#OTD in Irish History – 9 October:

1651 – The Navigation Act provides that goods imported to any Commonwealth lands shall be carried in English ships only. 1834 – Opening of the Dublin and Kingstown Railway, the first public railway on the island of Ireland. 1849 – First tenant protection society established at Callan, Co Kilkenny. 1895 – Victoria Cross winner Billy […]

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#OTD in 1750 – Death of highwayman, “Captain” James MacLaine.

Born in Co Monaghan, MacLaine was a notorious highwayman with his accomplice William Plunkett. He was known as the “Gentleman Highwayman” as a result of his courteous behaviour during his robberies. He famously robbed Horace Walpole, and was eventually hanged at Tyburn. The film Plunkett and Macleane was based loosely on his exploits. MacLaine was […]

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#OTD in 1918 – Hanna Sheehy Skeffington is recovering, at the Gower Hotel in London, from the effects of her recent hunger strike.

In a letter to her sister, Mary Kettle, Mrs Sheehy Skeffington stated that while she was still weak, this hunger strike was not as traumatic as those that she had undertaken on behalf of the women’s suffrage movement. Sheehy Skeffington went on hunger strike last week after being arrested on Dublin’s Westmoreland Street. She was […]

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#OTD in 1918 – The second anniversary of the execution of Roger Casement proved a quiet affair.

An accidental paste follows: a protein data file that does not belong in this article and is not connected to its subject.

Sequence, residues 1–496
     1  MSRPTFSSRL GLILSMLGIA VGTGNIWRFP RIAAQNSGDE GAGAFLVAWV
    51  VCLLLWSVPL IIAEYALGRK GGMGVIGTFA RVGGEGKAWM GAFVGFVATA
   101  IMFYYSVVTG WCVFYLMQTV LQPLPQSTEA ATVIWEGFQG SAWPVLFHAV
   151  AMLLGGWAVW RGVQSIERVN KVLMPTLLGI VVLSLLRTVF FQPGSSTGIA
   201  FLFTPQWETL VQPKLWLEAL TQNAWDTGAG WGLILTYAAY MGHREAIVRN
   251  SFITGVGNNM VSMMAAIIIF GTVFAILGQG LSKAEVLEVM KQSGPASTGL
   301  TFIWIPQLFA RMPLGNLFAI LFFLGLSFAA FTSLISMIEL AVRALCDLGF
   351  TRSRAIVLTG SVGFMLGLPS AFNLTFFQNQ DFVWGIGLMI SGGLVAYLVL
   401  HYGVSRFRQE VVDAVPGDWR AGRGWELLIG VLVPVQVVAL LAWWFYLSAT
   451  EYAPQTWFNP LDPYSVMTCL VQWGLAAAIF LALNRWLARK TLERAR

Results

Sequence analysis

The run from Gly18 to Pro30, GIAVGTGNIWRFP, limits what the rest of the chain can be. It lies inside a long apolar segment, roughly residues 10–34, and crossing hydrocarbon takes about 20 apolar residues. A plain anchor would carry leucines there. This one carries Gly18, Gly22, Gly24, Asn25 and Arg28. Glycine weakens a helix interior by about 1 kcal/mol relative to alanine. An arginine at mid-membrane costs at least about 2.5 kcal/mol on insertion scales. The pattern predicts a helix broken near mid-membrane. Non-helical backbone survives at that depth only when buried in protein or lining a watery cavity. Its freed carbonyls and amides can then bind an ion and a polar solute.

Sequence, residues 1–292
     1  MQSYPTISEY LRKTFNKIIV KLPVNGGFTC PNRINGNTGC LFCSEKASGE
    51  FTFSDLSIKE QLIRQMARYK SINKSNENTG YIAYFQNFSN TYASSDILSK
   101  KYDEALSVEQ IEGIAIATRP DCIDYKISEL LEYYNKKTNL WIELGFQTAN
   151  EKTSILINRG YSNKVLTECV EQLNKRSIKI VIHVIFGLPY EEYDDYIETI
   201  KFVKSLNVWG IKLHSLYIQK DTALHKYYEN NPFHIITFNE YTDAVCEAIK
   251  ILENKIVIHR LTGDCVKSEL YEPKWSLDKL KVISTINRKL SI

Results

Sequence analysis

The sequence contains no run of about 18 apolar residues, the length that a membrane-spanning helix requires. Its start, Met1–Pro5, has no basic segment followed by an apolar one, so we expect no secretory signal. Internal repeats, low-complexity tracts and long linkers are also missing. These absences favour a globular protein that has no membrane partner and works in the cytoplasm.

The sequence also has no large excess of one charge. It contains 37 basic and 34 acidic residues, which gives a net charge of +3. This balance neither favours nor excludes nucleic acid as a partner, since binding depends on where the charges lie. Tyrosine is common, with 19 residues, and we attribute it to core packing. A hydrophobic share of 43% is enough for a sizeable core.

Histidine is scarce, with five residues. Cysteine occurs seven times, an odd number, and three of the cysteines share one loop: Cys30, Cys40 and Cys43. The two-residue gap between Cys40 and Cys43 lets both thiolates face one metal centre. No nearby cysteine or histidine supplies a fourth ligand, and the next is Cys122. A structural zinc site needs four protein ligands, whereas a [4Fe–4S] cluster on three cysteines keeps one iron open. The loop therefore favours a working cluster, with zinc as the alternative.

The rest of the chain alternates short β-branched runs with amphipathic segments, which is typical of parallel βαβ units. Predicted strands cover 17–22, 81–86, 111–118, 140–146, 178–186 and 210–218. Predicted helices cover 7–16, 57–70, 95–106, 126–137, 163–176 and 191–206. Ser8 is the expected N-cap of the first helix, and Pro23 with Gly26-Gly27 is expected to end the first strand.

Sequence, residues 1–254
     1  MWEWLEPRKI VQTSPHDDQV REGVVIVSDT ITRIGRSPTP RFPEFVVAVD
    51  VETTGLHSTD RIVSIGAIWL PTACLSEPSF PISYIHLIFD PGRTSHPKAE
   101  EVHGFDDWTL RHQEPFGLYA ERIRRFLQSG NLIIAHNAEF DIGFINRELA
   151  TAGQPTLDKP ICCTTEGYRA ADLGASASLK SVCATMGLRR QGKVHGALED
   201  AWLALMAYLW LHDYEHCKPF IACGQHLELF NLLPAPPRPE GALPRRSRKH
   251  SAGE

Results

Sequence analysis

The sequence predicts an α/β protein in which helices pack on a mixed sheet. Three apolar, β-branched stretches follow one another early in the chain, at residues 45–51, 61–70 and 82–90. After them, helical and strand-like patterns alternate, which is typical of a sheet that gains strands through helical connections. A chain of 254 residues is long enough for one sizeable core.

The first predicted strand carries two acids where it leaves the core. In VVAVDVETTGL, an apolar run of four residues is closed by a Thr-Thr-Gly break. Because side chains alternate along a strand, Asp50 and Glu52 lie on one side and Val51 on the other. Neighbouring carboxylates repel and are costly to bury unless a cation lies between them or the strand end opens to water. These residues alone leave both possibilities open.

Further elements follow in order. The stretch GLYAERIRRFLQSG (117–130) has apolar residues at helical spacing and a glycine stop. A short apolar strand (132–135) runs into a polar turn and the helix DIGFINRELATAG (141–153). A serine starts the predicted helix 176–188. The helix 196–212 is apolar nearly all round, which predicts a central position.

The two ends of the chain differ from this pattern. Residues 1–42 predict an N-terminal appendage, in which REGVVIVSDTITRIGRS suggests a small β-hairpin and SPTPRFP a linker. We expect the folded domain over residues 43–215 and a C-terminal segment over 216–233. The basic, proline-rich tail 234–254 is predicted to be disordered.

In Kerry, police and military authorities made efforts to avoid the scenes of the year before by stationing troops at Casement’s Fort in Ardfert to deter crowds from assembling there. In various districts of Dublin, the Press Association reported that small buttonhole flags were being sold bearing the inscription ‘Remember Casement’ on one side and […]

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#OTD in 1921 – Just three days after a truce is implemented, Éamon de Valera, President of Dáil Éireann meets with British Prime Minister David Lloyd George in London.

Francis Stevenson, Private Secretary to Lloyd George recalled: “I have never seen David so excited as he was before de Valera arrived, at 4.30. He kept walking in and out of my room… As I told him afterwards, he was bringing up all his guns! He had a big map of the British Empire hung […]

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#OTD in 1991 – The convictions of the group of people known as the ‘Maguire Seven’ were quashed by the Court of Appeal in London.

The Court of Appeal overturns the sentences on the Maguire Seven. In 2005, Prime Minister Tony Blair apologised unreservedly for what happened. “I am very sorry that they were subject to such an ordeal and such an injustice. “They deserve to be completely and publicly exonerated.” Forced (beaten) confessions, contaminated forensic kits, a rush to […]

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